Director: Martin Radich Starring: Denis Menochet, Barry Keoghan, Goda Letkaustie. UK. 1h 23m
Sometimes cinema can be drab and unkind, which is the unnerving feeling you’ll end up with after watching Martin Radich’s Surreal coming of age art house drama.
The downtrodden ,depressing atmosphere permeates from the screen, as a father attempts to protect and train his son. While living off the grid in a remote rural location the two have strained relationship, mulling around their isolated home, their only connection is watching tv together. Unbeknowst to the son, a job from the past has caught up with his father and now their lives are in danger and one more murder must be commited, just one more contract or one more act of revenge.
The father, a disburbed mercenary, known only as “Man” is played by French actor Denis Menochet. He often sits alone in a dank room of his sparsely furnished home in tranquil Norfolk, watching multiple TV’s, like a desperate attempt to forget his past insurrections? Or maybe he’s a man who fell to earth. Whatever he used to do seems to have turned him into a cold bizarre man, but one who tries to support his lively son. Yet something appears to be eating him up on the inside, and his troubles are often found in his face.
During his time away from home, the Boy (Keogan) falls in love with a young pretty girl, who is connected with his fathers work, the star crossed lovers frolic in the countryside totally unaware of the cruel world around them. Meanwhile an extremely angry father and his doting wife are getting ever closer to their goal of extracting a violent revenge on the man and his boy. Watching the two families draw ever closer is incredibly nerve racking due to promises of violence.
Radich, a distinctive risk taking British filmmaker, has picked two highly attuned and seasoned actors to do more than act, they express art in his movie. Despite Keoghan’s young age, he’s spread himself over some incredibly diverse genres, from the dark comedy/thriller Traders (2015) to the moral bending Killing of the Sacred Deer (2017), neither of the lead actors are afraid to dig deep into their characters complexity, clearly both are incredibly talented.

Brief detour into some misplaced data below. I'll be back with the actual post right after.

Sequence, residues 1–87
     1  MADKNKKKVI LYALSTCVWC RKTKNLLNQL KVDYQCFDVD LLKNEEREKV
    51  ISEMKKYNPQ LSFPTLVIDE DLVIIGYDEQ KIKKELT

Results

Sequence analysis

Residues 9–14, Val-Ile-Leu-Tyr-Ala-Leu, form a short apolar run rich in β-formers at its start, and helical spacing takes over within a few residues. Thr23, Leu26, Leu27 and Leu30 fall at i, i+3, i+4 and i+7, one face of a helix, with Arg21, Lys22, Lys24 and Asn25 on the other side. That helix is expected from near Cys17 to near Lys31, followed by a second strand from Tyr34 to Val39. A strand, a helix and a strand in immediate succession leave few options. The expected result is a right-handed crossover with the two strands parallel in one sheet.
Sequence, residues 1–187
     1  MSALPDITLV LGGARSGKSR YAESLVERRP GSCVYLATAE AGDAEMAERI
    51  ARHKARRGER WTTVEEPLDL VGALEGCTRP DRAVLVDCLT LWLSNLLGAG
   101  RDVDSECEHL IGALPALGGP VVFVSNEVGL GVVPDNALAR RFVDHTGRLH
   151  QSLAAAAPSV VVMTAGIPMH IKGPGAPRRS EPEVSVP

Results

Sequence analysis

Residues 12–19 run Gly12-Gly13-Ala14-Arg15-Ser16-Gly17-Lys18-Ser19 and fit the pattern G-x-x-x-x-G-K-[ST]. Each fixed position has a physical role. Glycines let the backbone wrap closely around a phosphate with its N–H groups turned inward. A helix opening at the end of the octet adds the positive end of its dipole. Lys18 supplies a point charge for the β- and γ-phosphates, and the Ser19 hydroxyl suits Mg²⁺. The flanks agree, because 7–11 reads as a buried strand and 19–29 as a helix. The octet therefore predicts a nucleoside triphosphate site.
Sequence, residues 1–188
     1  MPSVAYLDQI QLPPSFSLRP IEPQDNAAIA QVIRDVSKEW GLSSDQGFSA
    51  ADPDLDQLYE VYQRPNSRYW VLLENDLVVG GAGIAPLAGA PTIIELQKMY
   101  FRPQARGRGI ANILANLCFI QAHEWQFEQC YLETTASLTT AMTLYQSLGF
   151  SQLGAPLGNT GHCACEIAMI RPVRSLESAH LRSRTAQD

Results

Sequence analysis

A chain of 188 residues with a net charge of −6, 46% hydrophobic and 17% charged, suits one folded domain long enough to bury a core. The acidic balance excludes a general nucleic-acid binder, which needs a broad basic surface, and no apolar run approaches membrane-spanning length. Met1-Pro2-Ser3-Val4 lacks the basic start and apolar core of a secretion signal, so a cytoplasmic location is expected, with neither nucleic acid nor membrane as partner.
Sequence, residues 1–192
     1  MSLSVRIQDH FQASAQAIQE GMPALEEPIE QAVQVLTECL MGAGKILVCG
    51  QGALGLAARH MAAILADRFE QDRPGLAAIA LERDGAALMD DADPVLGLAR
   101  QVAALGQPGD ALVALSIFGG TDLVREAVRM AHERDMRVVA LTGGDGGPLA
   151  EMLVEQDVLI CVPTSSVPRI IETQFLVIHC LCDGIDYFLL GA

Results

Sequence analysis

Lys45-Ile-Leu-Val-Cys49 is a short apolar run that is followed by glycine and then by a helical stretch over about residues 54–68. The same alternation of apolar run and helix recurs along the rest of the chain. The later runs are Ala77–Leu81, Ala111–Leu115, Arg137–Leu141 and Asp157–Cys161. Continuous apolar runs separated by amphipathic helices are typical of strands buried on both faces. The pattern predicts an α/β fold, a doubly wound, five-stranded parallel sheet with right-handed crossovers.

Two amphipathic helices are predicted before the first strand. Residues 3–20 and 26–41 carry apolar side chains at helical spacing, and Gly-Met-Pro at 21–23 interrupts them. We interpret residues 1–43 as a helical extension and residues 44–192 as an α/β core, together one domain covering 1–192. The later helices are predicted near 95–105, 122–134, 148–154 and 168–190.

Fuck me Charlie you’ve aged-Old man
Well it has been fifteen years sir-Charlie
Norfolk, at times, is a very slow movie, almost subdued at times. The long silent moments, and constant brooding amongst the cast, who are always angry but never saying why can almost depress an audience. There’s a huge build up to something that may never come as if Norfolk is the scenic route. It’s the kind of movie that will have viewers demanding time back. But if you like murky dramas such as Possum (2018) or The Goob (2014) but without the magnificent Sean Harris, then this might be up your street however it doesn’t have that visceral edge and throbbing plot.
So many people won’t want to delve into the mire of emotions conjured up by the film’s dreamy narratives. There’s a depressing sadness in the violence, a confliction of wanting to kill and wanting to protect, if anything it will raise a lot of awkward questions. Norfolk tries to describe several esoteric messages, on one hand, what has happened, is in the past and we can only move on, also fighting violence with violence isn’t always the answer and finally the sins of the father shouldn’t burden his son. Whatever you take from the Radich’s unusual drama, you’ll be sure that you’ve seen something different that won’t be mimicked anytime soon.
Post Discussion Trailer